The other main event of the day was attending the first lecture (the 2nd in the course) of the module I’m teaching seminar sessions on. Face-to-Face to Facebook it’s called for the record, looking at understanding communications in a new media age. Today’s lecture (and tomorrow’s session) are all about non-verbal communication (NVC or NVB if you prefer), something I’ve studied a bit in the past so thankfully I wasn’t quite all at sea as I feared I might be. Most importantly I learned how to pronounce proxemics which had been bugging me. The session also gave me a few more ideas about the exercises and examples I could use at Library Camp in late November in my theatrics and communication workshop. Moreover, looking at the course overview I can see down the line the sessions will start to really run into areas I’m very familiar with (unsurprisingly the one’s taught by my supervisor), and even…shock…some bits where my decades* of librarian experience will come in handy. One of the lectures and seminars is entitled “Digital Literacy: Finding info on the net”. Yes, I think I’ll be able to teach that one without a problem. Be very interesting to see a take on this from the academic side of the fence!
Came home and went through the notes for the tutorial and wrote a few more bits on them to help me through it. 24 students in my group, let’s hope for a good turnout of chattey students! Or perhaps more importantly, let’s hope I just don’t fall back into pantomime for the whole session. I mean it is about non verbal exchanges!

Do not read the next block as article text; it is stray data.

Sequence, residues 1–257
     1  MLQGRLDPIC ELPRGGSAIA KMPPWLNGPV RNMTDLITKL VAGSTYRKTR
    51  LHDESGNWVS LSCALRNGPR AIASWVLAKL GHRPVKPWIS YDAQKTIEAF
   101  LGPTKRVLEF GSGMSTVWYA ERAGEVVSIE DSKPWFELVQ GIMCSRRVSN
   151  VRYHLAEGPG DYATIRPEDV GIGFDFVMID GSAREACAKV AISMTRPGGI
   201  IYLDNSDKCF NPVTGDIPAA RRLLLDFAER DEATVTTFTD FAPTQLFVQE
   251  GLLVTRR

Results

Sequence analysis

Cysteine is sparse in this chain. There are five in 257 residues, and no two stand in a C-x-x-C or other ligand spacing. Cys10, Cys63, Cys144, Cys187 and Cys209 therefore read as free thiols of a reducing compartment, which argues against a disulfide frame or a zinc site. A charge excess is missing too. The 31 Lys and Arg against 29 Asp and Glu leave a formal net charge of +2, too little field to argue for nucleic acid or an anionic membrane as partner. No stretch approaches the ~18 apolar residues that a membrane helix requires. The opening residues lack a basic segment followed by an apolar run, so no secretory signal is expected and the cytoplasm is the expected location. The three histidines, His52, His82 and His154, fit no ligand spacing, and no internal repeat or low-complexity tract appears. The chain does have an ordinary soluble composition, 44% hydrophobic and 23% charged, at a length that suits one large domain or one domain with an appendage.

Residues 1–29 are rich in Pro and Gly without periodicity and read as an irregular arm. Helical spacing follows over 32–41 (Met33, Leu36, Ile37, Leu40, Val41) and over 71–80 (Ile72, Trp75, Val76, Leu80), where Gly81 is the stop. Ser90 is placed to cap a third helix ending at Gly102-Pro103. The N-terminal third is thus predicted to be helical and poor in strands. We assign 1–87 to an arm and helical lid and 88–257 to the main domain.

The big day. The return of me to lecturing after what I think is about 16 months off. Came into campus just after 8.30am, so it was an early start from Leicestershire to beat the traffic. Attended one of the other seminar groups, run by my supervisor who just made it look effortless. Damn, but I wish I could be that suave and relaxed in the classroom setting. Sadly nervous energy tends to drive my performances so I’ll just have to live with it. Glad I went to this as it gave me a few more ideas about how to structure my session. Went back into the PC classrooms and spent the next few hours doing the background reading for this week and next on the module. As I won’t be able to run next week’s seminar (funeral duties) I still want to make sure that I keep up on the stuff being covered. At least I’ll get to go to the lecture on Wednesday, which I’m really looking forward to as it’s conversational analysis.
There was a fire drill mid-morning, which took a whole ten minutes to clear the whole George Elliott Building. Consider me very impressed – normally took about 20-30 to clear the DWL back in Leicester (not mention the students I more or less had to chase off the floors at times!).
So my teaching session was fun. The group, like most 1st years were a bit quiet to begin with – but I put that down partly to the lecture room layout, rows are not conducive to free flowing discussion. I can also remember how I was as a first year, wishing the ground would swallow me up rather than get picked on my the lecturer to speak. Only took me about 4 years to get over that… I also think as I was a totally new face for them that they were not quite sure how to take me (or my foot hoping style), although I was wondering at the back of my mind if any of them were taking note of my non verbal communication signals. Some of which I think clearly said “oh go on, please talk, I’m here to help you!” All that said and done once we did get going, analysing a clip from Eastenders, there was a good feel to the room. I hope they all got something out of it, and I’ll do my best next time to make it more chatty and relaxed; but scholarly. Will think on that one.